· *Claiming that*, "*if co-existence was feasible, wild animals, ages ago, would have been domesticated just as horses, dogs and pigs*."

At the outset, we find it *very sad that prominent conservationists and the country's oldest environmental group *should use arguments which – particularly the last – *would not be worthy of anyone with a basic knowledge of either history or wildlife. ***

The petition goes on to ask that the Court strike down almost all references to the rights of forest dwellers in the amendment, as well as presumably establishing a legal precedent against the very notion of human – wildlife coexistence. *The net message of the petition is that the rights of local people are dispensable *(even where they are fundamental rights) *in the interests of the absolute power of forest and wildlife authorities, which is equated with conservation*.

We do not want to engage with the legal merits of your petition. There are indeed ambiguities in the amendment. But these ambiguities cannot be settled by sweeping arguments against people's rights. These arguments reek of elitism, ignorance and narrow-mindedness.

Estimates say that more than 4 million people live in this country's protected areas. The Tiger Task Force estimated that tiger reserves alone have more than 1500 villages inside them, and describes how tiger reserves have been declared without settling or respecting the rights of those living in these areas (violating even the existing provisions of the Wild Life (Protection) Act). "Selective interpretation of the law", it says, is leading to "huge conflicts" and "a war within," including extreme poverty and oppression. It is not an accident that India's forest dwellers are our poorest and most marginalised communities. It is for these reasons that this amendment makes some hesitant and ambiguous steps towards protecting forest dwellers' rights. *You may disagree with these positions, but you cannot dismiss them as irrelevant – unless millions of people's lives are also to be deemed irrelevant. ***

Meanwhile, *international law and conservation practices have moved far beyond the anti-democratic and anti-people positions that you adopt*. In fact, *the IUCN – the world's largest conservation organisation, of which two of you (BNHS and WPSI) are members – takes exactly the opposite position *to yours. The "Durban Accord" emerging from the IUCN World Parks Congress in 2003, where a BNHS representative was present, stated that "we urge commitment to the integral relationship of people with protected areas, fully incorporating the rights, interests and aspirations of both women and men, ... [and] to involve local communities, indigenous and mobile peoples in the creation, proclamation and management of protected areas." The Congress also made a specific recommendation that stated, *inter alia*, that "effective and sustainable conservation can be better achieved if the objectives of protected areas do not violate the rights of indigenous peoples living in and around them...successful implementation of conservation programmes can only be guaranteed on a long-term basis when there is consent for, and approval by, indigenous peoples among others..."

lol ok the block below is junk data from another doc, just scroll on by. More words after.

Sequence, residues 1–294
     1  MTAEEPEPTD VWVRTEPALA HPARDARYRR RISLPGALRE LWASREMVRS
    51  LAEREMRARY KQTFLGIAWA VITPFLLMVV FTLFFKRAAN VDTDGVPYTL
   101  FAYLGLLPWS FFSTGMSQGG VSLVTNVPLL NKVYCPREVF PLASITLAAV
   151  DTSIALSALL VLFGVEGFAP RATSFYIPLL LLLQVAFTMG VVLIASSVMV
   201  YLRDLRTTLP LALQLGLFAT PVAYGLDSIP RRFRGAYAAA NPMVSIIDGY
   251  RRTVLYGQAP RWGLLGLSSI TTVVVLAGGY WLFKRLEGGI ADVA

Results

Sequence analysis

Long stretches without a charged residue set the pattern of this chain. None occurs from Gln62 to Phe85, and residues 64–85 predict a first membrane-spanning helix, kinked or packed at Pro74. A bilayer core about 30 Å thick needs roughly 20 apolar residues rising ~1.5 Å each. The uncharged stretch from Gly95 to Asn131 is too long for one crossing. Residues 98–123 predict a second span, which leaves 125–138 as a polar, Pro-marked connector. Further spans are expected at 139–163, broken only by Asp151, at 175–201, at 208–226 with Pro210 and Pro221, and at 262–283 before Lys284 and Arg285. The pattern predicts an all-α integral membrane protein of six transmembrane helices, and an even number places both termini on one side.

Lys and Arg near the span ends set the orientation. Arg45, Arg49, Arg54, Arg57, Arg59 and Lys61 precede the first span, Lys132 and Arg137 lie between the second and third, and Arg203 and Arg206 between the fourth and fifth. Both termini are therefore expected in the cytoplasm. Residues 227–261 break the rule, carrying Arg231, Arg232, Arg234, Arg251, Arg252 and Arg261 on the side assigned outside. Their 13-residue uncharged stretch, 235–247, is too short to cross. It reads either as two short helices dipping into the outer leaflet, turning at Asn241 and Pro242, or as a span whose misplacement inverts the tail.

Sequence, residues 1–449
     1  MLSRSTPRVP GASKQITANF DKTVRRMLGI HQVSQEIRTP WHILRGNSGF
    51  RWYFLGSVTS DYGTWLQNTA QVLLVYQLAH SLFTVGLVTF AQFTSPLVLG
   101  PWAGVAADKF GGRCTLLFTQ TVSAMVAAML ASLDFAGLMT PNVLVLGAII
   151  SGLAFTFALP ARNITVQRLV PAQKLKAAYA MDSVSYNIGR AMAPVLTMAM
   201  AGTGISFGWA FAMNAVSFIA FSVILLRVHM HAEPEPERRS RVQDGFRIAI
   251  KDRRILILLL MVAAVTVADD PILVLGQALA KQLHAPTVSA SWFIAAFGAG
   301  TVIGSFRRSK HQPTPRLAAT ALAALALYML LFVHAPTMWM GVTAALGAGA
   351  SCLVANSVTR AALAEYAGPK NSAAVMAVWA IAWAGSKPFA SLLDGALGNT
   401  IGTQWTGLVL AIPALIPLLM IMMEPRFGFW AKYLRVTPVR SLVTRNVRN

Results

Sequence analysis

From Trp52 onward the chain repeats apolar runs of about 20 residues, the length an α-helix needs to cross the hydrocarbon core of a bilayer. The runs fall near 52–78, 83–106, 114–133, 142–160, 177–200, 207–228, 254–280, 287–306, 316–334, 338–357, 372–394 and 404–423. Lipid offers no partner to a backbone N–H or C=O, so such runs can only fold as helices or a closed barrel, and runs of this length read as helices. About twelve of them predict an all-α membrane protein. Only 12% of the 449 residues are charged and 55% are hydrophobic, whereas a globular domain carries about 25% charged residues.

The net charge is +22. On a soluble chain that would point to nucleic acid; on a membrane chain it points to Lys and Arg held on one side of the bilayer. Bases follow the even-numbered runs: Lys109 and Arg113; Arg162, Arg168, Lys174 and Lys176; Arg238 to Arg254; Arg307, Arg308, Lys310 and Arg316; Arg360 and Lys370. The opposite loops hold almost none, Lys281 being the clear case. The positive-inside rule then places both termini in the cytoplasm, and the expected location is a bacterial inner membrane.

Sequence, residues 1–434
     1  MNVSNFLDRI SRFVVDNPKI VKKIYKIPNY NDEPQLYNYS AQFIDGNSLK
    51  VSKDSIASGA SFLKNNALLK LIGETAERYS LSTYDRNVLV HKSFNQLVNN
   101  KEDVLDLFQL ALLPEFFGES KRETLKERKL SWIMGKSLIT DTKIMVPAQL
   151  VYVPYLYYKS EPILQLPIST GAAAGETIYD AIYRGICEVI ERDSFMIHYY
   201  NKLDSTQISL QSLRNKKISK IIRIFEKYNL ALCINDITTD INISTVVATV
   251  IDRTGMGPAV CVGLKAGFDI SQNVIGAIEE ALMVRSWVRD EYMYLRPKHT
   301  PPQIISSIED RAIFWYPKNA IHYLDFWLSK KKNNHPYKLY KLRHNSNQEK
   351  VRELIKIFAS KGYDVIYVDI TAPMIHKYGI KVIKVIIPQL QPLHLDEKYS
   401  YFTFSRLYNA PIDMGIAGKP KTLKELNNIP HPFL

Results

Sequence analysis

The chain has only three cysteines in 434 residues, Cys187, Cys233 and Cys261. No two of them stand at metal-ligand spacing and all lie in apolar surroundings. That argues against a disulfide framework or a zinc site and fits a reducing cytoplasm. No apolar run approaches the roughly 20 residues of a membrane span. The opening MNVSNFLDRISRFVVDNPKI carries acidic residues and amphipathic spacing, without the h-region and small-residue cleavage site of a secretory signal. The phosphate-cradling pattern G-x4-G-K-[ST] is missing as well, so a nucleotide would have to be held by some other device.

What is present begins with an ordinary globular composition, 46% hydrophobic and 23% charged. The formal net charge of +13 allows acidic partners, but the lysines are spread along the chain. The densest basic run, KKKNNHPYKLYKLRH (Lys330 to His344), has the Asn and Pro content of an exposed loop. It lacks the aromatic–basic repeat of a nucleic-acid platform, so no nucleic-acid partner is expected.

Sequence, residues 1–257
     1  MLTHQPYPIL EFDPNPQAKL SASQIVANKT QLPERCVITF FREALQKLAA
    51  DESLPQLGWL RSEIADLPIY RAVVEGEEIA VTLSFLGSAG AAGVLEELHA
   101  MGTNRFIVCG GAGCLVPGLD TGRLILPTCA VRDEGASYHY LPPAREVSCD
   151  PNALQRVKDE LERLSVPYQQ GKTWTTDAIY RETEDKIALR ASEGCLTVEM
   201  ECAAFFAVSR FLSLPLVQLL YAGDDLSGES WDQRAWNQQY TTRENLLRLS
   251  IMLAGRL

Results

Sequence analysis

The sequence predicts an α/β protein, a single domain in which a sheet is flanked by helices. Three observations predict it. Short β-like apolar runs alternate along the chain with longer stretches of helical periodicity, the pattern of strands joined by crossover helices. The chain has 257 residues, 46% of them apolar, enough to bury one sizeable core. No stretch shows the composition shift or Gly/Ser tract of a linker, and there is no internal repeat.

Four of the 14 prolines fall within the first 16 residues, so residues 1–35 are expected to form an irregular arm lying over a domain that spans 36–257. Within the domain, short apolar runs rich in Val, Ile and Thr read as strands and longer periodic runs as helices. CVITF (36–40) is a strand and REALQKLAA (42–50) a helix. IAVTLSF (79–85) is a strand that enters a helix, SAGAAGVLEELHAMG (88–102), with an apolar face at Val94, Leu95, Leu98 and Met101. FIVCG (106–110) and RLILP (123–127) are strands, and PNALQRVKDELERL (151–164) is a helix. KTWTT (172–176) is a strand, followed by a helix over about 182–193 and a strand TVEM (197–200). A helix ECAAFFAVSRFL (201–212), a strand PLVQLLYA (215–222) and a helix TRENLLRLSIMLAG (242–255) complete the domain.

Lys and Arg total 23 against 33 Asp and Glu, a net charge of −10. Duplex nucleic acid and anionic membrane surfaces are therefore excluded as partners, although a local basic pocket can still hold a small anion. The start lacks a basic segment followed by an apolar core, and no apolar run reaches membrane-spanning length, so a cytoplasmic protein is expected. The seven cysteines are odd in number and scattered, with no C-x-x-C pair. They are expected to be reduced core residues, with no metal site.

Nor is the IUCN the only body to take such positions. The Convention on Biological Diversity, which India has signed, also requires that the rights of indigenous and local communities be respected. It is now a settled principle of international law that protected areas must respect community rights.

Would you describe even the IUCN and the CBD as peddlers of myths and folklore? Does the BNHS wish to repudiate the World Parks Congress at which its own representative was present?

The reality is that the tiger amendment is the first wildlife law that explicitly tries to curb the autocratic power of the Forest and wildlife departments over the forest, its resources and people's lives. How this should be done can be a matter of debate and dialogue. *Attacking the entire notion of people's rights, however, is irresponsible, dangerous and harmful not only to forest dwellers but to conservation itself.*